Software Company

Background: A small software company, co-founded by a husband and wife, had a modest number of minority shareholders. Two of these minority stockholders together owned 15% of the company. These two individuals had originally been granted restricted stock in return for business development activities, which they never accomplished before the restrictions expired and they owned the stock. For many years the co-founders remained upset by the prospects that these two shareholders would eventually benefit to that degree (15%) from the sale of the company.

Actions: Caganco reviewed all the applicable historical documents and asked a number of additional questions. Based on a deep analysis and an acquired understanding of all the relevant circumstances, Caganco authored one board resolution. This resolution served to effectively reduce the two minority shareholders’ ownership percentage to 7% from 15%.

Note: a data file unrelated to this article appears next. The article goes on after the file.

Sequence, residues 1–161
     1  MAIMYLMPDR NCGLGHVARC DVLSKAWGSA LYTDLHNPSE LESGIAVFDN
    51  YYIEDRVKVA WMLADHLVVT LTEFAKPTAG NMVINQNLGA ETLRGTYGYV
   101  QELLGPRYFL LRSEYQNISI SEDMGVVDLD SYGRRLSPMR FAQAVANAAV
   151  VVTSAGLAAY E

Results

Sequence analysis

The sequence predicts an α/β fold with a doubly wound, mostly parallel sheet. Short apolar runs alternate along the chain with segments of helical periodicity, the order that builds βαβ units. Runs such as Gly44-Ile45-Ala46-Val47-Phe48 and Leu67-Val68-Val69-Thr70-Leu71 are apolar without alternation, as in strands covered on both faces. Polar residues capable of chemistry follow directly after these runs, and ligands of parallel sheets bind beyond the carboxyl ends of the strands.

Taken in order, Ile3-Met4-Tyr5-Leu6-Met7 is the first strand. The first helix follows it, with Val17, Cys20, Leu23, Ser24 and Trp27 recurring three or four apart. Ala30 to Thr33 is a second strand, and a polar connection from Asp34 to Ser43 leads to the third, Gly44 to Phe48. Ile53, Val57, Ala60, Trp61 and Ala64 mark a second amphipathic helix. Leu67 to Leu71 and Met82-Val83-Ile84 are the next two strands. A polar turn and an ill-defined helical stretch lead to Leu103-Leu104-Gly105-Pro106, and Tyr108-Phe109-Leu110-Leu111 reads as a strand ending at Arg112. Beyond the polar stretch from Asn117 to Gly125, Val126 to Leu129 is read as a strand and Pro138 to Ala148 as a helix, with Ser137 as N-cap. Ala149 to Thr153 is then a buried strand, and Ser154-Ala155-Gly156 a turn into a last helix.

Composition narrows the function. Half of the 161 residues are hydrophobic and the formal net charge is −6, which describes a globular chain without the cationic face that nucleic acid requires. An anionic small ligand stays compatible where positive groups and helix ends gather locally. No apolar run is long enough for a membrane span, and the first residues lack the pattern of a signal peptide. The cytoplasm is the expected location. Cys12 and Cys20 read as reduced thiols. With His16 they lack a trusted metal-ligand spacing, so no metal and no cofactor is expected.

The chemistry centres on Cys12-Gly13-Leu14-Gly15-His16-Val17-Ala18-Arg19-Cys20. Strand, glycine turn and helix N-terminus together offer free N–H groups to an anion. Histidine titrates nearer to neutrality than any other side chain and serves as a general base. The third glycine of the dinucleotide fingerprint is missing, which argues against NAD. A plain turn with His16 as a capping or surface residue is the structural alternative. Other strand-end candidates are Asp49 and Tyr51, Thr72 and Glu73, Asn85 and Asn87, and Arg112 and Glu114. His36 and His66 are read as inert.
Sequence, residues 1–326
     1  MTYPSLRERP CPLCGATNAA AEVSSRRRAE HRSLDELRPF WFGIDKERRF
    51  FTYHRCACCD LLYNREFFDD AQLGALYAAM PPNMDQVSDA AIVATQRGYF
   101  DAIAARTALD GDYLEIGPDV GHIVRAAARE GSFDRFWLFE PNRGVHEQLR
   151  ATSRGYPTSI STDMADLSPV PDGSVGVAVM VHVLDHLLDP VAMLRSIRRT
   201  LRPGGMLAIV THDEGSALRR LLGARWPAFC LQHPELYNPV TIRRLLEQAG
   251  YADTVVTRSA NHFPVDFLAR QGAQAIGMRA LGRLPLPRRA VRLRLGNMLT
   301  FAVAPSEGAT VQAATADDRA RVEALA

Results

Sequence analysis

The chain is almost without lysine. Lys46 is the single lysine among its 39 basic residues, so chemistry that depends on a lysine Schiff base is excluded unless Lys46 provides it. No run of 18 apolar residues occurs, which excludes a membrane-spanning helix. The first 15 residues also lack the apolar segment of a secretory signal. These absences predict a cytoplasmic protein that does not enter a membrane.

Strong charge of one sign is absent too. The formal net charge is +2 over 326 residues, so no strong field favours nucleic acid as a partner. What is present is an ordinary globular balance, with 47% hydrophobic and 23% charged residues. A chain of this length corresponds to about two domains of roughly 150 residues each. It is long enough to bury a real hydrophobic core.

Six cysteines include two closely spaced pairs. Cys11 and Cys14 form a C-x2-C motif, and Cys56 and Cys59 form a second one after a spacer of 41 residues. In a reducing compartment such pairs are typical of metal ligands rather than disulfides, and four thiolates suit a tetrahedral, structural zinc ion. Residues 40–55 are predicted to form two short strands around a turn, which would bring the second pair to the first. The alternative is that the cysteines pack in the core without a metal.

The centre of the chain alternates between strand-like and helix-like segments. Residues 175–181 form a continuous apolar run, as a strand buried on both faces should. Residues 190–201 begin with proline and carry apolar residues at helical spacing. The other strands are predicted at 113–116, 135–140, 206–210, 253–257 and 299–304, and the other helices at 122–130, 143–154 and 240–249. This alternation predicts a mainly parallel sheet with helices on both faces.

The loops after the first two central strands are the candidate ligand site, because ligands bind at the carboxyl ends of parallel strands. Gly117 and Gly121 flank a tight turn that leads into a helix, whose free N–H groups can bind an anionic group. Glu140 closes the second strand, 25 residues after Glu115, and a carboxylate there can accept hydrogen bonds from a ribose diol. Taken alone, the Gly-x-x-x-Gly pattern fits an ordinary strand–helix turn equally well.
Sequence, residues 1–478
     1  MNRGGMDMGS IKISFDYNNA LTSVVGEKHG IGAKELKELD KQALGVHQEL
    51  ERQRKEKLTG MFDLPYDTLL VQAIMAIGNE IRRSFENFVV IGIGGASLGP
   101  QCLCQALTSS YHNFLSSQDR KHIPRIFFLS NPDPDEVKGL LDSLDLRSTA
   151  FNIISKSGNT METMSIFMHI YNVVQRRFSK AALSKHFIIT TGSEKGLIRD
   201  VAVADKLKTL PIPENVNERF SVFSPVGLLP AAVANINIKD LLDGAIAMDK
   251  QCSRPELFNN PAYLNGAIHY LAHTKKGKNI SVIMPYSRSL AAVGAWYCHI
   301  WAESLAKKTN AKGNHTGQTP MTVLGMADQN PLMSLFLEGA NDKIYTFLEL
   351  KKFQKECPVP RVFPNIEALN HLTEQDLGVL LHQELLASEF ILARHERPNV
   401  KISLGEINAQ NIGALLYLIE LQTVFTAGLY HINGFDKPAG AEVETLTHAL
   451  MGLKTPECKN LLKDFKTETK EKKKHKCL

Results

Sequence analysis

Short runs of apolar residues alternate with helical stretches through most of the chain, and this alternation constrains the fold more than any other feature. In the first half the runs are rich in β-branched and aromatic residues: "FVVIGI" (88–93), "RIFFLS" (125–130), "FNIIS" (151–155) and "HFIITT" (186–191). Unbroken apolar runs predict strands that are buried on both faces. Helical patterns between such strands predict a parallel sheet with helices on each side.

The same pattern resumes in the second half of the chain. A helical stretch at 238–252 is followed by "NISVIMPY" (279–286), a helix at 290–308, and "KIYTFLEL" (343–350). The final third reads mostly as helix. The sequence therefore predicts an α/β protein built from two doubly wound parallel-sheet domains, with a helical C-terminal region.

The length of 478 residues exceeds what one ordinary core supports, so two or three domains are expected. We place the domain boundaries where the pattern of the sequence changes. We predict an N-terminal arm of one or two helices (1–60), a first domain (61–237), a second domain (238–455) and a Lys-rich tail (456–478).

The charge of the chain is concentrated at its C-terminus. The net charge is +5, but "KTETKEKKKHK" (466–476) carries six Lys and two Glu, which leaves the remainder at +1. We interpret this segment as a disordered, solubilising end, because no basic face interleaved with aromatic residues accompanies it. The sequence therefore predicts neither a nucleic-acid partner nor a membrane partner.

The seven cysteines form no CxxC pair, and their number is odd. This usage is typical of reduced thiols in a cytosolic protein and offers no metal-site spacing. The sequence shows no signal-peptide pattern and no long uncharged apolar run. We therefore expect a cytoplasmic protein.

Justification: The company was very closely held and all the shareholders beyond the two individuals were actually employees of the company. This allowed the board to grand a large number of previously authorized, but unissued shares, in the form of restricted stock, to all the employee-shareholders. Thereby diluting the two individuals.

Family-Owned Company